Across the back of the room is Rosenquist’s F-111, a print depicting an F-111 fighter jet, with images of mushroom clouds and of girls having their hair blow dried in a beauty salon. Making yourself beautiful seems futile in the face of the slaughter of the Vietnam War and the threat of nuclear destruction.

This is a pretty bold statement for the first room. Is this the American Dream – execution, war, suicide, with a thin veneer of beauty? These works are nice examples of Pop Art ridiculing and critiquing that which it impersonates.

I wasn’t that hot on Rauschenberg in his retrospective at the Tate Modern, but I liked the pieces from his Stoned Moon series on show in The American Dream. A bifurcated print shows in the lower left Neil Armstrong walking on the moon, the sky reaching out above him, and in the top right an American farmer sits in his field, the ground stretching down below him. The split image emphasises the distance and difference between the space program and life in America, but the farmer seems as heroic as the astronaut, he is even placed higher in the image. This is deliverance of sorts from the bleakness of the first room.

I fell a little bit in love with Ed Ruscha’s Standard Station 1966 and Hollywood 1968. The Hollywood sign disappears in an exaggerated perspective, brownish sky and hills create an empty and vast landscape behind. Similarly, a red, white and blue gas station vanishes swiftly in strong perspective, with an orange sunset sky. The gas station, treated in the same way as the Hollywood sign, becomes as quintessentially American. These two works were for me the perfect illustration of Warhol’s quote at the beginning of the exhibition: ‘Everybody has their own America, and then they have the pieces of a fantasy America that they think is out there…’ Hollywood and Standard Station depict images of my own myth of America (as formulated mostly by Neil Gaiman’s American Gods) – all empty golden sky and endless distance as shown through Ruscha’s use of perspective.


I have a bit of a problem with these enormous blockbuster exhibitions. I begin with over two hours until the museum closes and think this is plenty of time, scrutinising each work as I go along, then by the time I get to room 7 of 12 I only have half an hour left and have to whizz round.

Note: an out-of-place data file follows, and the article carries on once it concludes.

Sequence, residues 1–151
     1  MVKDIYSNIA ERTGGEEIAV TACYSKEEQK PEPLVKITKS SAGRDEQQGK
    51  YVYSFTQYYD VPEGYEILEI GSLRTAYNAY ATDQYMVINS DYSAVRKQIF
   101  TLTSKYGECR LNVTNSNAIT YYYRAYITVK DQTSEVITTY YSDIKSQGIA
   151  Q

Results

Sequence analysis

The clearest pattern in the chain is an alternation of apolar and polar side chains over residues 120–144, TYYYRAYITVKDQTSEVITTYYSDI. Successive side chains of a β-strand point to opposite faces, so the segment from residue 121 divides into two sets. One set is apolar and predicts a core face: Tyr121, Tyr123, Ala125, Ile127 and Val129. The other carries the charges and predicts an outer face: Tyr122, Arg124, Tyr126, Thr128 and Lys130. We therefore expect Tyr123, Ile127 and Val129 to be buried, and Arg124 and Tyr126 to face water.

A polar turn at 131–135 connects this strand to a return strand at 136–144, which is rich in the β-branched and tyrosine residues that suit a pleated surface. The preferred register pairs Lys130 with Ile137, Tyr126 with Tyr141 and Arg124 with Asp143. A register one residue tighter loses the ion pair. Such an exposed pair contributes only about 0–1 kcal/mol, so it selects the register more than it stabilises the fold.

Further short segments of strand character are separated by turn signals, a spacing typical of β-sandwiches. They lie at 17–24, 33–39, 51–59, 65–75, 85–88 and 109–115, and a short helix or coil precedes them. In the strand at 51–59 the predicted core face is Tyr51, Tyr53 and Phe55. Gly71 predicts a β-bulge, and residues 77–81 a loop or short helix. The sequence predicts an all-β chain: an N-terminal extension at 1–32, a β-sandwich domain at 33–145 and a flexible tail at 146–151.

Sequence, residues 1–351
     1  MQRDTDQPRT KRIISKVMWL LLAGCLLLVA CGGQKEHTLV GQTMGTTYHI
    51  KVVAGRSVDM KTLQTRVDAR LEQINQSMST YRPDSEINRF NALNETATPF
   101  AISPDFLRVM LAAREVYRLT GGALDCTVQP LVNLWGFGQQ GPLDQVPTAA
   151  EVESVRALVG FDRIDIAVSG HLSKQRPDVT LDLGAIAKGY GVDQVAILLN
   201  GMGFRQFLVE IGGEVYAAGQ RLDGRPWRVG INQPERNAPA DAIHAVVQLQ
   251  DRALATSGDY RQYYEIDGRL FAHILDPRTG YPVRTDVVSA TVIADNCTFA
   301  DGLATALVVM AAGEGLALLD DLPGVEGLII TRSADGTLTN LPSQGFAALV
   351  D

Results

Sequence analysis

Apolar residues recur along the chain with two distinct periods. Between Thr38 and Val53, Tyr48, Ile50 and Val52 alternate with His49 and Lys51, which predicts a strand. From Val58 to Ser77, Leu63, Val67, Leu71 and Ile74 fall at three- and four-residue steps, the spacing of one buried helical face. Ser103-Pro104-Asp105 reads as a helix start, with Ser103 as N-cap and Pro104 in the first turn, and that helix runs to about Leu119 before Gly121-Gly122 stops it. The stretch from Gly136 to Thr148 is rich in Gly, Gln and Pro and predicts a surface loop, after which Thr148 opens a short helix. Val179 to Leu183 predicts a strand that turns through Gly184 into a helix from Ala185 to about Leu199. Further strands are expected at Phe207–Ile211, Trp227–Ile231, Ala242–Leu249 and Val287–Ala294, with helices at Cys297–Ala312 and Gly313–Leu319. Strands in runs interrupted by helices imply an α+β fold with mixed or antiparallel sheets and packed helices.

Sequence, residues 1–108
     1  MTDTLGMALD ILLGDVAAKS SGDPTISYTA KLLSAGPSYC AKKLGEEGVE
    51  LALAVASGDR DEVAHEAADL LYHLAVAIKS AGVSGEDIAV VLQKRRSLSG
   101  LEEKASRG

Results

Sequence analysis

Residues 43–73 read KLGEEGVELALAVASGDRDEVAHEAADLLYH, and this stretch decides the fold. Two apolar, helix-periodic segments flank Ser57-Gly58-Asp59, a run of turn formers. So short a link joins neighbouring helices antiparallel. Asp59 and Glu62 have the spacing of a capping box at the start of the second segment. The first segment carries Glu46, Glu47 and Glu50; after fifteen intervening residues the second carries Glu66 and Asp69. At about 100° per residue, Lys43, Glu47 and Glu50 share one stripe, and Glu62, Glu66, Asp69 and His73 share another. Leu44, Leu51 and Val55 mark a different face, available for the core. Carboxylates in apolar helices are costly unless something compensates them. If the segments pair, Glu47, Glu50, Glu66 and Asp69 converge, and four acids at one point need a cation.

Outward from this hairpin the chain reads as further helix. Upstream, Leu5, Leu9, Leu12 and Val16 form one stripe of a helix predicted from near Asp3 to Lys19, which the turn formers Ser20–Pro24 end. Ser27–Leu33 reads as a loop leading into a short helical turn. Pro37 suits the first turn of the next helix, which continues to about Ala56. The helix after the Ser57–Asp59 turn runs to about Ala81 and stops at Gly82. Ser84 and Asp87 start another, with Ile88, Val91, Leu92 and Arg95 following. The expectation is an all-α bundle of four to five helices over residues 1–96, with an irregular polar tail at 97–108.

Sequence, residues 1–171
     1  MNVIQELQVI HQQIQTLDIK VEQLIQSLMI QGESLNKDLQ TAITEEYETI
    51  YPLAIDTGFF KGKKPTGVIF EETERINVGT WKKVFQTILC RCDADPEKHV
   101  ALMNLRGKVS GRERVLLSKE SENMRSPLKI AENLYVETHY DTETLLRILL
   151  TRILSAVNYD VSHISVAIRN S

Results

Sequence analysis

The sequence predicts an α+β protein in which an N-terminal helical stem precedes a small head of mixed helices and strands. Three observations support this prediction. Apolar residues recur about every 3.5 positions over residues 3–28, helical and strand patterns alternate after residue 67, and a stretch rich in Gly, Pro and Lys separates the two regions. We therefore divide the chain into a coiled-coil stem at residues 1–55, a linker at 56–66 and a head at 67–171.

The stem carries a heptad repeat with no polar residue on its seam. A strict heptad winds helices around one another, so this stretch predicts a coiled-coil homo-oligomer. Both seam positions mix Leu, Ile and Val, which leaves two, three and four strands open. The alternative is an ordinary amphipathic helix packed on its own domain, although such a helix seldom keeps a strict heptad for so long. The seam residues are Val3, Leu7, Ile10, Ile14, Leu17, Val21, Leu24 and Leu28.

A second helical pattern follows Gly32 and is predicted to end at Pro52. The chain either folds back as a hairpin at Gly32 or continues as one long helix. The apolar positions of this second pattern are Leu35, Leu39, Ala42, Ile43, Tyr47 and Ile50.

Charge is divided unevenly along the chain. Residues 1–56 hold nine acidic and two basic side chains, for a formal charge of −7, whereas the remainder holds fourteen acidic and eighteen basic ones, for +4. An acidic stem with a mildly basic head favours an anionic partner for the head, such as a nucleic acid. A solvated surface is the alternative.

So I had to whizz round the three final rooms. They addressed gender, race, and the AIDS crisis. I can see that placing these issues at the end of the show could drag you back from the sober artiness of all the minimalism/photorealism/art chat of the middle rooms (which were nice enough but they didn’t exactly call to me). There are risks though: a) you’ll be too tired/rushed from the previous 9 rooms and b) it can look smooshed onto the end as a kind of whoops we’d better include some women/POC. Both of these happened. I wasn’t impressed by the compression of women, POC and the LGBTQ community into the smallest rooms of the show after rooms and rooms of white men. But this is the BM and white men predominate blockbuster exhibitions anyway so it isn’t a monumental shock.

Anyway. I mostly came to this show for the promise of Kara Walker, having never seen any of her fantastic political historical silhouettes in real life.

Her No World from An Unpeopled Land in Uncharted Waters, 2010, depicts a black woman’s silhouette beneath the ocean, a slave ship held aloft above the waves by a pair of human hands, with a slave owner and slave girl dancing on land. Walker’s work unapologetically addresses America’s history of slavery and racism. The wealth of a slave ship is saved from destruction by the death of a black woman. Her hands could drag the ship beneath the waves, but only the future slaves will drown with her, and the slave owner would still be dancing safely in his plantation.

This is the first point that slavery is addressed in this show ABOUT AMERICA, and it’s in room 11 of 12. Room 1 was pretty blunt in its discussion of death and suicide and the falsity of the notion of the American Dream, but slavery is still somehow too taboo to address properly because it makes the (mostly white and middle class) audience of these blockbuster exhibitions feel uncomfortable. It’s particularly noteworthy that the British Museum, arguably the epitome of the theft of the British Empire, puts slavery as a footnote to the history of America.

I suppose it’s a step in the right direction that gender, sexuality and race are being discussed in such an old school establishment as the BM but it would be better it if these issues were dealt with as an ongoing and central aspect of life, not separate issues of relevance only to minority groups. It was a bit like ‘here is an exhibition of proper art, and also some black art, some queer art and some women’s art’, because these three ‘types’ of art are a) subplots within art as if e.g. women aren’t half the world’s population and b) these artists aren’t proper artists because they deal with their lived experiences life instead of things like the problem of form.

There was some sick pieces on show – I have now seen Warhol’s iconic Marilyn in the flesh – but the layout of the show emphasises the long way still to go for women, POC and queer folk to be appropriately valued in art.